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Q&A: Noah Kahan reflects upon his identity in sophomore album ‘I Was / I Am’

Known for his storytelling and discussion of mental health issues, artist Noah Kahan is slated to release his sophomore album, “I Was / I Am,” on Friday. (Courtesy of Aysia Marotta)

“I Was / I Am”

Noah Kahan

Republic Records

Sept. 17

By Isabella Durgin

Sept. 16, 2021 2:55 p.m.

Noah Kahan is stepping back into the light.

Set to release his sophomore album Friday, the indie artist said his record reckons with his identity after the COVID-19 pandemic’s forced slowdown. “I Was / I Am” is a reflection upon his time away from the stage, and Kahan said he created the energetic production around upcoming live performances.

Kahan spoke with the Daily Bruin’s Isabella Durgin about his relationship with fame, reconnecting with his younger self and embracing a new sonic environment.

(Courtesy of Republic Records)
(Courtesy of Republic Records)

[Related: Q&A: BabyJake moves toward new genres in debut album ‘The Sun Wakes Up Earlier Now’]

This interview has been edited for length and clarity.

Daily Bruin: Considering the title of “I Was / I Am,” how does the second album reflect the duality of your past songs and present identity as an artist?

Noah Kahan: It’s more an inventory of the way I used to think, the way I used to act and behave and understanding that that’s not something to live in all the time. Looking back at the earlier music and the earlier record, a lot of it was about being scared and being uncertain in this new world and wondering what my place in it was. This album has a better understanding of what I’m doing here, what I’m meant to do here and why I’m here.

There’s a growth and evolution that’s happened in the years between “Busyhead” and “I Was / I Am” that’s reflected in the new songs. When you speak about the duality of the person I was, it’s more of an acceptance that I haven’t changed. You can never really change completely, you can’t lose yourself – but you can make steps to be better, and you can try not to live in the past, and you can try to not live in the future and just be in the present.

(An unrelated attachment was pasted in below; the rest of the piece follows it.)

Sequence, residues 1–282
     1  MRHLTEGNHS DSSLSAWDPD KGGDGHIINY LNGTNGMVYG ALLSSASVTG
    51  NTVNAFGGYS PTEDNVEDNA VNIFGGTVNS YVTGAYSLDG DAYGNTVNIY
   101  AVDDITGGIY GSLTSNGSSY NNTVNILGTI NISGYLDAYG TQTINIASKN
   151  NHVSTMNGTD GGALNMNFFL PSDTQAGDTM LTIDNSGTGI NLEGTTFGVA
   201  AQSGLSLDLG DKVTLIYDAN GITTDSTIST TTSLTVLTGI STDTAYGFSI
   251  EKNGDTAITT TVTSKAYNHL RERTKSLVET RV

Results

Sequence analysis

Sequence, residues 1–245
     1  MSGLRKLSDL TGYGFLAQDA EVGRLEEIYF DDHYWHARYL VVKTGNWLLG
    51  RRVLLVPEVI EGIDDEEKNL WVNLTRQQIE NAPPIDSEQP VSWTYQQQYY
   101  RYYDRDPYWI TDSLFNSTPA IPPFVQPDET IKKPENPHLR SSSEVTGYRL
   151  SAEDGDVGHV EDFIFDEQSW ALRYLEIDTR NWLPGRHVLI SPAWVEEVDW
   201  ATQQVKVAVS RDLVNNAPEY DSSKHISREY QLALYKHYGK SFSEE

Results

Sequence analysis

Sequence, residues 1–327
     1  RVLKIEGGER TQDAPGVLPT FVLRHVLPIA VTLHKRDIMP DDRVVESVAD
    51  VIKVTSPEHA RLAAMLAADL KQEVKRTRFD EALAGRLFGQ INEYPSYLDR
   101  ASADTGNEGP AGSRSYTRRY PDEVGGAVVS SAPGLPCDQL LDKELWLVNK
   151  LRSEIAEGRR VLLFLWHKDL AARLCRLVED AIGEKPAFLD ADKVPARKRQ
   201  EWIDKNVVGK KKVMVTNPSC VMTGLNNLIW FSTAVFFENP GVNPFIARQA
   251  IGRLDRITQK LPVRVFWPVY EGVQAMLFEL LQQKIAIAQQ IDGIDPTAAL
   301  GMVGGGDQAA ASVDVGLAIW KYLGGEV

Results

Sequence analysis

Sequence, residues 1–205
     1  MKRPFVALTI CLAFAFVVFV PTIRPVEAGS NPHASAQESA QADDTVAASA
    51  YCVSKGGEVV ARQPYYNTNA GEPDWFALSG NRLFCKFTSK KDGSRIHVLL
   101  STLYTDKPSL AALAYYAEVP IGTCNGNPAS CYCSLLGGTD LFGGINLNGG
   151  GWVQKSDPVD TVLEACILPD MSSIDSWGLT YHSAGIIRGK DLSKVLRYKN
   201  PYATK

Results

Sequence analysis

DB: You’ve stated that your sophomore album features a more vibrant, upbeat sound. What was the driving force behind this decision?

NK: I want to be able to say what I want to say and not leave people with a totally melancholy, negative experience. I think there’s always a place for a downbeat ballad, and I always have those – those are very natural to me. But I wanted to challenge myself to create an environment of music that feels high energy and exciting while also not sacrificing the honesty in the stories and what I feel.

I want people to be able to leave a show and be like “I had a really fucking good time but I’m also incredibly sad.” I want people to be able to feel the emotion and learn lessons and find healing – or at least just consider the lyrics – but also be able to dance and feel like they moved around a little bit throughout the show. I definitely wrote a lot of this record to be consumed live, and I hope that comes through in the production.

(Courtesy of Aysia Marotta)
(Courtesy of Aysia Marotta)

[Related: Q&A: Declan McKenna discusses confidence, ’70s influence in sophomore album ‘Zeros’]

DB: In the single “Godlight,” you blend the newer, expansive sound with more familiar critiques of fame. With mentions of your Vermont upbringing, how do both the song and the album serve as a grounding point for you?

NK: That song speaks to a really complicated feeling. When I started, I was like “I can’t lose this little kid that loves making music,” and I just saw myself slipping more and more away from that. One of the hardest things I’ve had to come to terms with was that I maybe wouldn’t be proud of myself if I could go back and look at who I am now (compared to) when I was a little guy starting out. Being able to write that down and put that into words was incredibly grounding. I feel like it actually brought me closer to who I was before, which I was really proud of.

DB: You’ve also discussed your complicated relationship with going on tour in prior songs, like “Mess” and “Young Blood.” How are you feeling as you’re about to embark on a new series of concerts?

NK: I’m really excited. I have the perspective of two years of not doing it, and what these fears have taught me is that touring is not something I should take for granted. It’s just hard to understand the gratitude you actually have for it until it’s all gone.

I didn’t really notice the type of themes I was talking about in my songs – about touring being difficult for me – and then I wrote “Godlight” and I was like, “Oh shit, I need to do this in a healthier way.” If this is how I’m feeling, if I’m writing a big old banger about how much it fucking stinks, I should probably take steps to make it better. So just focusing on being intentional about health and being intentional about the way I treat myself on the road is something I’m definitely going to try to put into practice on this next round.

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Isabella Durgin | Daily Bruin senior staff
Durgin is a senior staff writer for Arts & Entertainment. She previously served as the Music | Fine Arts editor from 2021-2022 and was an Arts contributor from 2020-2021. She is a third-year English and geography student from Meridian, Mississippi.
Durgin is a senior staff writer for Arts & Entertainment. She previously served as the Music | Fine Arts editor from 2021-2022 and was an Arts contributor from 2020-2021. She is a third-year English and geography student from Meridian, Mississippi.
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